Sharp writing, superb acting and surprising character revelations make this tightly-paced episode one of the best in a very long time.
I've been waiting a very long time for an episode like this. Since June 5, 2010 to be exact. That's when the wonderful Vincent and the Doctor aired. That episode managed to draw you in with Matt Smith's trademark manic fun, but then gut punched you with the raw emotion of exploring van Gogh's struggle with depression and suicide. Listen is another triumph in storytelling for the series, but for different reasons. Though the story mainly focuses on Clara trying to balance a personal life and the Doctor's demands of companionship on his latest insane adventure, by the end it quietly, but powerfully ties together many elements introduced in the series over the last few years to give you a brand new insight into what really drives the Doctor. And that's quite an accomplishment to pull off for a series that has been going on as long as this one.
If you want to tune in yourself, you can can new episodes of Doctor Who on Saturday nights on BBC America -- though cord-cutters will have to pick up the current season on iTunes or Amazon Instant. If you want to catch up on earlier seasons, they can be found on both Netflix and Hulu.
To get you up to speed, in the previous episodes:
- Peter Capaldi is the new Doctor and he's rather cranky.
- When the Doctor gets into the mind of his worst enemy, he finds they are not very much different.
- When his companion Clara wants to meet Robin Hood, the Doctor discovers that jealousy is ugly, but comedy works well for the series.
The Perils of Having a Personal Life
At first, I was going to snarkily rename this season The Continuing Adventures of The Clever Girl and Her Companion Old Mr. Grumpypants. Since the new season began and Peter Capaldi took the lead on the show, the Doctor has been his usual difficult, erratic, condescending self, but without the the charm and and smoothness of his last two incarnations. At the same time, Clara suddenly got a lot more interesting. She went from doe-eyed, unquestioning disciple of the Doctor to wary companion who must rein him in when he runs off into the narcissistic deep end of his madcap adventures. This led the first three episodes of the season to focus more on the newly-capable Clara and less on the Doctor who seems to be madly rushing from adventure to adventure in a dark, aggressive stab at self-discovery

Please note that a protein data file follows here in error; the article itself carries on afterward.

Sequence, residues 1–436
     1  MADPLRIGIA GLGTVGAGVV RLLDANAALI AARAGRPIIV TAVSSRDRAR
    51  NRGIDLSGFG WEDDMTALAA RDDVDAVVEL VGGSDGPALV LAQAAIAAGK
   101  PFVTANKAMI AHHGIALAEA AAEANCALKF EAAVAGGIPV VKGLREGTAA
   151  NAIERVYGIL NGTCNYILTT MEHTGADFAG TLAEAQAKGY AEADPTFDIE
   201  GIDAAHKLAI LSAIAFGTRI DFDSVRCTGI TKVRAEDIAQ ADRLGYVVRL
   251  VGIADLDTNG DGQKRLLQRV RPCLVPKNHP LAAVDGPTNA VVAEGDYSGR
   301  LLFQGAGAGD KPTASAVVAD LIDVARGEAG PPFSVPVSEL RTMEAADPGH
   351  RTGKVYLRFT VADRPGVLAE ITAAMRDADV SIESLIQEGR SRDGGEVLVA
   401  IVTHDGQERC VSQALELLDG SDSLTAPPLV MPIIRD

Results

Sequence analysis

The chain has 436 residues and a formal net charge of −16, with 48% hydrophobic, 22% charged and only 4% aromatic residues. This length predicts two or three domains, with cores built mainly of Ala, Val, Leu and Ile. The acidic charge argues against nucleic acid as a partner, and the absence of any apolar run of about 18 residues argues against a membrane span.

This week's episode at first looked like it was shaping up much the same as the previous ones. The focus was clearly on Clara as she tried desperately to lead a normal life by going on a date with fellow teacher Danny Pink, while her association with the Doctor, and her own nervousness, kept tripping her up. This is a story formula that worked quite well during the early years of Buffy The Vampire Slayer, but in that case it made more sense given Buffy was the lead of the ensemble (yes, it was definitely an ensemble show, it wouldn't have worked without the Scooby gang.) The Doctor, in the meantime, became obsessed with the idea that evolution had produced creatures that perfected the art of hiding as the ultimate survival technique. These perfect chameleons were always present in our lives, sometimes being glimpsed in the corner of the mirror or in one's bedroom in the middle of the night taking form as the collective nightmare of the monster under the bed. The Doctor thought that if you just stopped to listen, you might be able to hear them communicate.